"His music is the soundtrack of my life, from being a kid to getting married to getting divorced to getting different jobs," Jeff McCullough, 55, told PEOPLE. "I just can't believe it. I haven't been to many concerts here lately because I'm getting older and you have to sit and wait for hours. This is one of the saddest days of my life."
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The private singer was found unresponsive in an elevator at his estate on Thursday around 9:45 a.m., after sheriff's deputies received a call from the home asking for medical attention. Less than 25 minutes later, Prince was pronounced dead. He was 57.
No cause of death was determined on Thursday. However, the musician's private jet was forced to make an emergency landing last Friday, as Prince needed to be hospitalized after a weeks-long bout with the flu, his rep confirmed to PEOPLE at the time.
Some fans who gathered outside Paisley Park remembered the surprise concerts the performer would put on at the estate, and his loyalty to his Midwestern roots.
"Prince meant so much to all of us here in Minnesota. Being able to come here and to be together and hear the music of this very, very, very special artist is this gift that we all had," Griffin Woodworth, 43, told PEOPLE. "Anytime Prince announced a surprise concert, back in the day, you'd get a surprise call and they'd say 'Something's happening at Paisley Park,' but they'd never tell you what. We were all in his house and he was hosting us and sharing his music with us and that was so special."
The iconic artist's music didn't just resonate with a certain age group. Fans of all ages lined up to leave flowers and mourn together, proving that his music – with hits like "Purple Rain" and "Little Red Corvette" – transcended generations.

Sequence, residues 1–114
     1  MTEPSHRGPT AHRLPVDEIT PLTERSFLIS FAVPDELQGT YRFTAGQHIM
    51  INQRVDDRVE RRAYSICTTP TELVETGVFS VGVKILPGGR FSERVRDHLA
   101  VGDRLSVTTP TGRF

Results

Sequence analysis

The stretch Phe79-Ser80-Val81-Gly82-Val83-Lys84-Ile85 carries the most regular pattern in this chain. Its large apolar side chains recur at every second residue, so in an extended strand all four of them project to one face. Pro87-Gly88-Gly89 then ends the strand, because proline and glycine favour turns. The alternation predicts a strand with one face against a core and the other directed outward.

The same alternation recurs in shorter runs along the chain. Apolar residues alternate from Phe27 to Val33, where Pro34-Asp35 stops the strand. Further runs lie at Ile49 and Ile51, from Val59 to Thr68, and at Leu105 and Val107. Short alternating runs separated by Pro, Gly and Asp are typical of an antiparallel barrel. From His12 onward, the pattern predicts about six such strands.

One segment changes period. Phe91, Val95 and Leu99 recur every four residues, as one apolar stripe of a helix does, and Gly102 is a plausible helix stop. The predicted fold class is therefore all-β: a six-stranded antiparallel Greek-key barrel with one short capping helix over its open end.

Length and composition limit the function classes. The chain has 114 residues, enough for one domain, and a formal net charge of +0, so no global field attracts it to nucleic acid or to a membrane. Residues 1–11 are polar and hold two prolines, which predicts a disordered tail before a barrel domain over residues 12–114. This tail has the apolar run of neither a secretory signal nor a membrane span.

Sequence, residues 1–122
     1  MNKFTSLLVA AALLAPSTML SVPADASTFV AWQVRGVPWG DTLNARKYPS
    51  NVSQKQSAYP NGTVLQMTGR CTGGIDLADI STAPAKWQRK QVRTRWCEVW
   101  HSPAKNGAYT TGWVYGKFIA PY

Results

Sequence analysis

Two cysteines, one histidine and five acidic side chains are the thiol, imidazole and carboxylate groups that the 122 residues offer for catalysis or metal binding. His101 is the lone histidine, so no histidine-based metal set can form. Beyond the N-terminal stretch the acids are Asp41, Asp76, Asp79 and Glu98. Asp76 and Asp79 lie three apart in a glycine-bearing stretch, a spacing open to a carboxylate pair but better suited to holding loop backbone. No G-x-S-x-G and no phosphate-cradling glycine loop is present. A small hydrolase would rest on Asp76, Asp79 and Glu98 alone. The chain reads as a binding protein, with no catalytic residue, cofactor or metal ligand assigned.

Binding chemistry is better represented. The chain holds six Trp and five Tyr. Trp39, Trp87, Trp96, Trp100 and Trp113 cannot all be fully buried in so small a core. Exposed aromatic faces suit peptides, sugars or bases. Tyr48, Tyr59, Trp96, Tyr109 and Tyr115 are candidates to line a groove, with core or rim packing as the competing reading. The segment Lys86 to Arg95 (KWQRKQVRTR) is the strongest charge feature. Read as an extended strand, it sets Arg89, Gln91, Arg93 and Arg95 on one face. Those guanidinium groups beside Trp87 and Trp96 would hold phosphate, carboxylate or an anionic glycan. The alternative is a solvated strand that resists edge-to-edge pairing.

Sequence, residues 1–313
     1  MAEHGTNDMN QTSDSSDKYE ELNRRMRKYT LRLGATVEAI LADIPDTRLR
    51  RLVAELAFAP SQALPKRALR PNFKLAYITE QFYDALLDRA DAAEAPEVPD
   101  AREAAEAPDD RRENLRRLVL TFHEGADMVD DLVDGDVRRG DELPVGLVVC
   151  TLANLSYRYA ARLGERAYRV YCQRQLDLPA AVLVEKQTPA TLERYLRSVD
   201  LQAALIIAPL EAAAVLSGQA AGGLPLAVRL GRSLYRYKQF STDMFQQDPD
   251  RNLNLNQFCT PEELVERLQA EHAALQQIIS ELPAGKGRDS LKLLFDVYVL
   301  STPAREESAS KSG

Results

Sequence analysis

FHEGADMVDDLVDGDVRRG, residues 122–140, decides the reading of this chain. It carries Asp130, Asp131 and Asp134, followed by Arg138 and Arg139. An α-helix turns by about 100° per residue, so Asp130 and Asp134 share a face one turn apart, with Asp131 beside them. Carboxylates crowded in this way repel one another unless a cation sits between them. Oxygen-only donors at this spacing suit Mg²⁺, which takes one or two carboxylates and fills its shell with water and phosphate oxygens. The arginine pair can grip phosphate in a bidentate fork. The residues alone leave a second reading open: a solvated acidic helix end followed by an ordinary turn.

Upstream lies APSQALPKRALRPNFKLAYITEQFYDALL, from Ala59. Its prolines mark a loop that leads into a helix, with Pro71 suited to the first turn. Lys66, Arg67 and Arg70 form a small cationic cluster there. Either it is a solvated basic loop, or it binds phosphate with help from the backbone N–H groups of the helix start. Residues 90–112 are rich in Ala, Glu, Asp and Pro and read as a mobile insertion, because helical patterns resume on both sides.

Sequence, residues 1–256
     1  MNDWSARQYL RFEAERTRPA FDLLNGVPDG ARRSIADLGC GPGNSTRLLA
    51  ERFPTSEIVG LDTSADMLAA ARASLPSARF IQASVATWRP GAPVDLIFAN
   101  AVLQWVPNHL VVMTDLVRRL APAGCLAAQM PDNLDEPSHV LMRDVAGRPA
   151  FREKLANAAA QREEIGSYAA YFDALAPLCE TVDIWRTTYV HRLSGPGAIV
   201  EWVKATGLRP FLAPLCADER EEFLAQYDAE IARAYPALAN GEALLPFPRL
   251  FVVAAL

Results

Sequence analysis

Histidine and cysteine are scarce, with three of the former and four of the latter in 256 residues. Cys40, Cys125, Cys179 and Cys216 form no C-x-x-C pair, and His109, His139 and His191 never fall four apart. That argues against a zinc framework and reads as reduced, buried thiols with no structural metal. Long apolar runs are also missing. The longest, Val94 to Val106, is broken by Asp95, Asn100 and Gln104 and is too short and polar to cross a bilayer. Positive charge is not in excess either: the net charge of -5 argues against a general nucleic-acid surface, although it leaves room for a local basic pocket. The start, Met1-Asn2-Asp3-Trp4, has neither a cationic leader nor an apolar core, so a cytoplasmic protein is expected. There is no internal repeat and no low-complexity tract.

"I was here this winter and last. He would have little shows that were $25. You could just go and see Prince for $25 . It was crazy," 19-year-old Audie Lind told PEOPLE. "He wanted to open up to people. Paisley Park is small and personal. He would look at you when he performed. He would look at me and wink at me. He wanted people to hear him."
Although Prince hadn't been feeling well, he was able to perform one last time before his death. Exactly one week ago, the singer performed at the Fox Theatre in Atlanta as part of his Piano & a Microphone tour, where he gave his final, emotional performance of "Purple Rain."
"He left everything on the stage, like he always did. After one song, he got up and left the stage because he was overcome by emotion," audience member Celeste Headlee told PEOPLE.
Headlee and grieving fans in Minnesota join a long list of mourners, including Oprah Winfrey, Halle Berry, Piers Morgan, Demi Lovato and even President Barack Obama, who released a heartfelt statement honoring Prince as a "creative icon."